MWT was increased in the CV group compared to group C (P<0.05), suggesting an important effect of mechanical ventilation on pulmonary vascular changes. This is in agreement with Gonçalves et al. (23), who showed increased MWT of the pulmonary arterioles in ventilated groups compared to non-ventilated groups. Group H also showed increased MWT. Similarly, the studies of Sands et al. (24) observed this effect in asphyxiated newborn rats. Birth asphyxia has been shown to be associated with increased pulmonary vascular resistance due to the absence of the physiological elevation of oxygen tension at birth that represents an important factor in decreasing pulmonary vascular resistance after delivery (25). Consequently, the presence of pulmonary arterioles with the typical “fetal appearance” characterized by a thick muscular wall and a narrow lumen is observed in this scenario (10).

After 30 min of mechanical ventilation with 100% of oxygen in asphyxiated neonates (group HV), the vascular response (MWT) was similar to the CV group. The response on VEGFR-1, VEGFR-2, and VEGF expression was also similar in these two groups, which may suggest that short-term ventilation may be the inducible factor of these receptors. The expression of VEGFR-1 was higher and VEGFR-2 and VEGF expressions were lower in these groups (HV and CV). The explanation for this is the antagonistic response from VEGFR-1 and VEGFR-2.

It is known that VEGFR-2 is responsible for vascular growth, acting on the proliferation of vascular cells, promoting vascular branching and maintenance of endothelial cells (26 2728). Otherwise, VEGFR-1 acts as a negative regulator of angiogenesis, reducing cell proliferation and organizing capillary branching and network formation. The performance of VEGFR-1 stems from its high affinity for VEGF, promoting sequestration thereof, and reducing the availability of VEGF for binding to VEGFR-2 (2630).

The expressions of VEGFR-2 and VEGF were higher in group H compared to the other groups (P<0.05). This was also observed by Voelkel et al. (31) after hypoxic-ischemic events. These results are possibly associated with the modulation of VEGF, which is involved on the proliferation and migration process of endothelial cells. Our results on VEGFR-2 are also similar the findings from Tuder et al. (32), who reported that short-term exposure to hypoxia increased VEGFR-2 mRNA of isolated lungs. The increase of both VEGF and VEGFR-2 in H group indicates hypoxic pathway activation, in order to promote vascular growth and improve the oxygen saturation, since VEGF codification is modulated by the gene hypoxia-inducible factor (HIF-2α) (26,29,30,33).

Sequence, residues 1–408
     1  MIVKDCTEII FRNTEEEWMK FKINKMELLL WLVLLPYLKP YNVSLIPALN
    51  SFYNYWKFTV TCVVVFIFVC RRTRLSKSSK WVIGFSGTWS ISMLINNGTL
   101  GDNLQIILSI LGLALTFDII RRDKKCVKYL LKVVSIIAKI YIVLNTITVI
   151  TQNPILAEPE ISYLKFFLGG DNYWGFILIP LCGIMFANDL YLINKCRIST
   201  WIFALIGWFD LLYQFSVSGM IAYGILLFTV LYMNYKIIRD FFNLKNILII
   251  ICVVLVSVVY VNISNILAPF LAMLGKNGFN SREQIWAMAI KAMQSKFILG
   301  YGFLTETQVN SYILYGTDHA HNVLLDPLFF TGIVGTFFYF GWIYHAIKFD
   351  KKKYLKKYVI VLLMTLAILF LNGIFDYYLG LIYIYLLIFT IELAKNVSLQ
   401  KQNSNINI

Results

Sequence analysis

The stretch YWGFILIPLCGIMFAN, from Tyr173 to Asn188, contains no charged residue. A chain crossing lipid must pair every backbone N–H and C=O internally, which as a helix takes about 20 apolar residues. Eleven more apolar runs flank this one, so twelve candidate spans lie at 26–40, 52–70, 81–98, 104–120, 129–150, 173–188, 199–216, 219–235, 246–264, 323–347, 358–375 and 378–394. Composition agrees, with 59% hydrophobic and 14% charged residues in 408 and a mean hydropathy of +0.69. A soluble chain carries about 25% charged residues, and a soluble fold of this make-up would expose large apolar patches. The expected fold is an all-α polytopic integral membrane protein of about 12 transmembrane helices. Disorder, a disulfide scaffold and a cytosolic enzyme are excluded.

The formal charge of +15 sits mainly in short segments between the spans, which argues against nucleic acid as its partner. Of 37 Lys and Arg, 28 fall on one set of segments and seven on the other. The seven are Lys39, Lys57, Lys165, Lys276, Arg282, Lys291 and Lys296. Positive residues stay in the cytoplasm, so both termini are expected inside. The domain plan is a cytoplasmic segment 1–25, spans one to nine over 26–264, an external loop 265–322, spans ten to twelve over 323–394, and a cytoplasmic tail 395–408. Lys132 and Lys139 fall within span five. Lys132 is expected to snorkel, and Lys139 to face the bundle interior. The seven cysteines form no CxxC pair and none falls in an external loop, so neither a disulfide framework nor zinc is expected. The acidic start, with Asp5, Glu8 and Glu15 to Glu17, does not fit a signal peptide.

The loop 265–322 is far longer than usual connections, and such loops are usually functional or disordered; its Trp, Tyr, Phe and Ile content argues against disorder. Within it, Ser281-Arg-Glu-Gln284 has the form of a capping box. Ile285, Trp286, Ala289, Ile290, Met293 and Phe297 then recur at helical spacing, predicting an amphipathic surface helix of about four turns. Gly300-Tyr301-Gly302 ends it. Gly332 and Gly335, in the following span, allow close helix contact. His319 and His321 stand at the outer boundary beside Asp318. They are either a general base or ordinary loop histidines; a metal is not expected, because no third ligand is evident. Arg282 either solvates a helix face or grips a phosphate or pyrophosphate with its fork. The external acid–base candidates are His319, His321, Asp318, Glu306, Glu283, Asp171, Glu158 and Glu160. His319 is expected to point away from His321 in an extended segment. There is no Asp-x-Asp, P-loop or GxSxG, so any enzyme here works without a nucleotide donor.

Regarding eNOS, Jimenez et al. (34) showed that the mechanisms responsible for vascular changes are complex and different depending upon the oxygen tension, and under hypoxic conditions, flow-induced vasodilation is the result of not only nitric oxide, but of another unidentified oxygen-sensitive endogenous vasodilator in coronary arteries. It is possible that the same principle may apply to the pulmonary circulation and that might explain the study's findings regarding MWT decrease (vasodilation) with lower eNOS in the HV group.

Besides, eNOS enzymatic activity can be altered even if expression is unchanged. The NO signaling cascade is also affected under hypoxia. Thus, the lack of vasodilator response to VEGF may be due to multiple changes occurring at the receptor level down to the signaling cascade. Nadeau et al. (35) also suggested that a defect in receptor maturation may occur during hypoxia as hypoxia can affect the expression of glucose transporters, it could potentially affect the glycosylation of VEGFR-2.

These results indicated that VEGF played important roles in pulmonary microcirculation and that impaired eNOS-mediated relaxations may be a potential trigger of the onset of PPHN.

The study had some limitations, such as the lack of evaluation of parenchyma injury and lung volume weight, acute asphyxia (30 min), and short ventilation period (30 min). Also, the VEGF mRNA gene expression was not assessed.

Finally, in the rat model of neonatal hypoxia at term, hypoxia and mechanical ventilation altered vascular morphometry, proportionally to pulmonary expression of VEGF and its receptors (R1/R2), showing a significant alteration on MWT.

Understanding the molecular pathways that are altered in neonates submitted to hypoxia may outline promising pharmacological interventions that would reduce or even prevent the debilitating consequences of severe birth asphyxia, leading to better management and improved clinical outcome.

Acknowledgments

We acknowledge the financial support of FAPESP to M.C. Ribeiro (#2012/09951-5) and F.L. Gonçalves (#2011/12587-0), CNPq to A.R. Prado (#151264/2015-5) and L. Sbragia (#302433/2014-7), and CAPES to R.L. Figueira.

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Received: November 28, 2017; Accepted: July 24, 2018

Correspondence: L. Sbragia: <sbragia@fmrp.usp.br>